To avoid being seen as "others," members of minority groups may turn to code-switching in order to do the following:

  • Avoid stereotypes
  • Have more opportunities for advancement or promotion
  • Maintain the comfort of colleagues or supervisors
  • Gain acceptance and fit in with the team

While the motivations behind code-switching may seem at first to be considerate and thoughtful on the part of the employee, it places on them an unfair burden, often referred to as the "minority tax."


Examples of Code-Switching at Work

Wondering what might be an example of code-switching at work? Some occurrences of code-switching are relatively harmless. Think, for instance, about an employee who changes the way they dress because they're hoping for a promotion or one who adopts a different tone of voice on a customer service call. These are innocuous forms of code-switching that are generally unrelated to culture, race, or background.

However, there's a darker side to workplace code-switching, which happens when employees — typically minorities — feel they have to change or hide something about their individuality or their culture in order to fit in.

Dmytro Sokhach, founder of Admix Global, says he sees employees change the way they communicate with people of different races, especially people of color. "Additionally," he says, "my employees have altered their behavior, dress, and appearance to fit into a particular workplace culture. These adjustments can sometimes be stressful, especially for employees who feel that they have to completely shift their identity to fit in."

But not all code-switching is race-related. It can also happen between people with different levels of experience and education. Jon Morgan, CEO of Venture Smarter, says it's something he sees frequently in the tech industry. "One example of code-switching that we have seen in our small business," he says, "is when our employees switch between using technical jargon and layman's terms while communicating with clients or partners, depending on the audience's expertise level."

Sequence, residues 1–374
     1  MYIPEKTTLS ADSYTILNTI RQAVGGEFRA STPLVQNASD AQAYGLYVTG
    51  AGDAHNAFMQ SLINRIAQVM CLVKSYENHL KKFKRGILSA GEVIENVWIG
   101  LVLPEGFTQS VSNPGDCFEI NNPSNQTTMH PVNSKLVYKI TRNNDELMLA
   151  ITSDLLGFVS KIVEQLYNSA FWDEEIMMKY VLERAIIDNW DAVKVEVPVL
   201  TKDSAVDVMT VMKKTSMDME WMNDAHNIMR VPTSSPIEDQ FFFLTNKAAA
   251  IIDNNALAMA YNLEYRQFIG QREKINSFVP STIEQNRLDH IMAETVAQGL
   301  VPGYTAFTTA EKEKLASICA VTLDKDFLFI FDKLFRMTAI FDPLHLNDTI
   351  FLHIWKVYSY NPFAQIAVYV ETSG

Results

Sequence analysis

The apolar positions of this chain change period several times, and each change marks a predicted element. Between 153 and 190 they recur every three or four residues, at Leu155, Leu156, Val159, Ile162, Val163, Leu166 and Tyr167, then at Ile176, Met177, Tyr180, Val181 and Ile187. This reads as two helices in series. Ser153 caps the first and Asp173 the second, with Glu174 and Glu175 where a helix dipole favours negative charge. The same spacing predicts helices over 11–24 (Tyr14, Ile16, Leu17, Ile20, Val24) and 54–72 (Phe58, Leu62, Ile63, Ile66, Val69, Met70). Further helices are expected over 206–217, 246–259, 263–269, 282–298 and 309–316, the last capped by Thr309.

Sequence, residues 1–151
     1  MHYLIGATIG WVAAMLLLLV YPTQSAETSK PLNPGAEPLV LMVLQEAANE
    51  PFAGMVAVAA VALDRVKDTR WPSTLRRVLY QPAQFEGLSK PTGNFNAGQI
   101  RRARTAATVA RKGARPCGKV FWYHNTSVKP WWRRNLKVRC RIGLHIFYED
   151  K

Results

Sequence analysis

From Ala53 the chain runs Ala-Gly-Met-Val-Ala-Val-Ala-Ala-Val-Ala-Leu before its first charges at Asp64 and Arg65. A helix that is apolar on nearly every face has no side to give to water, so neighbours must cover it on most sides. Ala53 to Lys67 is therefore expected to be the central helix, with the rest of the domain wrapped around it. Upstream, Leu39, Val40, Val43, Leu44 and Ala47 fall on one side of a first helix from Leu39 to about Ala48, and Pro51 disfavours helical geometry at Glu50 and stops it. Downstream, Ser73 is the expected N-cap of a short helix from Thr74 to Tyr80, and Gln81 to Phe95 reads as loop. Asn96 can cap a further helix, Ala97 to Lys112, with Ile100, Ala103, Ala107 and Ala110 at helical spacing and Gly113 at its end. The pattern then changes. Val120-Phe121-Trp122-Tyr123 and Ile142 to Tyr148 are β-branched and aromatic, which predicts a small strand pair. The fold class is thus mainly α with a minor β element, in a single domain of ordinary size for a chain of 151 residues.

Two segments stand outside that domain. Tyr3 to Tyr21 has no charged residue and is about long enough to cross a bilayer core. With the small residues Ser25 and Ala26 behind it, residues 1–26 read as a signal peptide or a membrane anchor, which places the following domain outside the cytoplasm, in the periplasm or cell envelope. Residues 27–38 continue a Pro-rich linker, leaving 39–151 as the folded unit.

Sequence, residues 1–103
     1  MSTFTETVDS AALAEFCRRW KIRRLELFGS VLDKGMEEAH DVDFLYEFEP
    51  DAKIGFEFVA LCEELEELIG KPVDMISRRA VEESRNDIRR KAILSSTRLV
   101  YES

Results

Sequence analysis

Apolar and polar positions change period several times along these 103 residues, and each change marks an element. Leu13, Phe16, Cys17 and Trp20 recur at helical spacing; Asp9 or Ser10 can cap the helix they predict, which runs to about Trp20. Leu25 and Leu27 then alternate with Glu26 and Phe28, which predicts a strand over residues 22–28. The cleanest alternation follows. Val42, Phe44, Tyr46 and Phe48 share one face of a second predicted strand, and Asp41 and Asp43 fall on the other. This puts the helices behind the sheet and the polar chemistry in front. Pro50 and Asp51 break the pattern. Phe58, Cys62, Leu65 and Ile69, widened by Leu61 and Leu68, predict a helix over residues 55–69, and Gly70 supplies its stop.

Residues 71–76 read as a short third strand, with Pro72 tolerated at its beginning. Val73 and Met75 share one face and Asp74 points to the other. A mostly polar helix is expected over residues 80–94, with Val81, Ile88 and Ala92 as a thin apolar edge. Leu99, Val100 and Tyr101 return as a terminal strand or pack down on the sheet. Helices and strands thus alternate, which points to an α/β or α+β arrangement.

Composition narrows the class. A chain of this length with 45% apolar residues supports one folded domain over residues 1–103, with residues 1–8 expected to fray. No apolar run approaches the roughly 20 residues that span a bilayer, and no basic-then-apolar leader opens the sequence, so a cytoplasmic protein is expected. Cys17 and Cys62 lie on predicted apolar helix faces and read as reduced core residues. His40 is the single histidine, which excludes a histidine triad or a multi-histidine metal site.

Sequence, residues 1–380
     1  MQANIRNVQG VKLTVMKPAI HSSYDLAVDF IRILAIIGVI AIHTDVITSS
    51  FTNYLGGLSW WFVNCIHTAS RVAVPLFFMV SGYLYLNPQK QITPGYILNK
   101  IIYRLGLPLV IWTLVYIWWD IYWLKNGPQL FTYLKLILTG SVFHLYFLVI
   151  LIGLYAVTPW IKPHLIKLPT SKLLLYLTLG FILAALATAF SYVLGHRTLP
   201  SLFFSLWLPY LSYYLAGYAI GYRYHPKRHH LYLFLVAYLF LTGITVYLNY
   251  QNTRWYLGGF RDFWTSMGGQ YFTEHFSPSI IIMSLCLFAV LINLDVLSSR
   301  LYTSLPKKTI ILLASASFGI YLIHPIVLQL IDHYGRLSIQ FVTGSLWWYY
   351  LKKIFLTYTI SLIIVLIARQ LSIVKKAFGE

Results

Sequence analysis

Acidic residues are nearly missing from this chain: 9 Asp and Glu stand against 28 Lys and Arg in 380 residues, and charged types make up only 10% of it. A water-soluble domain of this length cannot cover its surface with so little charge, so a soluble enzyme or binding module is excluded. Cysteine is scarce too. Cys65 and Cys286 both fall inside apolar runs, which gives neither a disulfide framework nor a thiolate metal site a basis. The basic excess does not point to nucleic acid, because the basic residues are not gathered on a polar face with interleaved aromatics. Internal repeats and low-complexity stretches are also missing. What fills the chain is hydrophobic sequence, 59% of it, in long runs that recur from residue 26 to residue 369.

Sometimes, this is just a way to communicate effectively and intuitively. But when code-switching feels forced (as though there will be negative consequences otherwise) or is used to gain or take power from others, it becomes problematic.

How Code-Switching Alters Culture

Code-switching undermines the cultural backgrounds of the individuals involved, and it can also harm overall workplace culture. Please note that the issue is not with the employee participating in code-switching but rather in the system that supports a culture where minority team members feel obligated to do so. Here's how code-switching alters workplace culture:

Loss of Cultural Identity and Belonging

The biggest reason for code-switching is to fit in, especially in a group where an individual feels automatically excluded. Chad Price, a veteran entrepreneur, says code-switching can impact the way employees, especially minority employees, feel about themselves and where they came from.